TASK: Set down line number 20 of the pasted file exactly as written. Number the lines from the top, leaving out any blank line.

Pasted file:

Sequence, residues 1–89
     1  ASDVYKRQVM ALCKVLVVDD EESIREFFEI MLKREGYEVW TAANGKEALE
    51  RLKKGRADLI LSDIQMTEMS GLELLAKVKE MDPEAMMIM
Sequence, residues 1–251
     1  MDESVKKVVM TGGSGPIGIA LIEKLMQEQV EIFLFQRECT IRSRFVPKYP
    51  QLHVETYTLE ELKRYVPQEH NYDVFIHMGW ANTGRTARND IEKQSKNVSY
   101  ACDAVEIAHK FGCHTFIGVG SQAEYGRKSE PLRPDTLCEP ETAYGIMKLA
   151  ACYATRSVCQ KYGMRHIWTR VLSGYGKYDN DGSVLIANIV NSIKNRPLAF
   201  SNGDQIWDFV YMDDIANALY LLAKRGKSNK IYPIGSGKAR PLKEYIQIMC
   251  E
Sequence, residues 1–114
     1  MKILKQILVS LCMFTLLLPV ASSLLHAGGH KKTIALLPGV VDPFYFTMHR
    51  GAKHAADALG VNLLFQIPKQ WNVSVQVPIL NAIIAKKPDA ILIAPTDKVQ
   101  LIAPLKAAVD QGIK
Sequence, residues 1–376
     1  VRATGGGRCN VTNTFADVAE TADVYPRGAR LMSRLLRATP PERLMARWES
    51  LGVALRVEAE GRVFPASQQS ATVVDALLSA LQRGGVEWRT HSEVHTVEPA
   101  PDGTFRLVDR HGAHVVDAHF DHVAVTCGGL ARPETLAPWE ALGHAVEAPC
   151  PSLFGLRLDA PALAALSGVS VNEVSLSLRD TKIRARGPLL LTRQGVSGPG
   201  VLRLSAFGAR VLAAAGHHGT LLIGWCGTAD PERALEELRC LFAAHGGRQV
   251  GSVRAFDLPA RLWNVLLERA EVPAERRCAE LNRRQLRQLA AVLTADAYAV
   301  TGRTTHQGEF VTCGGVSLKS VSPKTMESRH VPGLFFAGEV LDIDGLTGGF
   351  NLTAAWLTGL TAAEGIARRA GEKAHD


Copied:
   201  VLRLSAFGAR VLAAAGHHGT LLIGWCGTAD PERALEELRC LFAAHGGRQV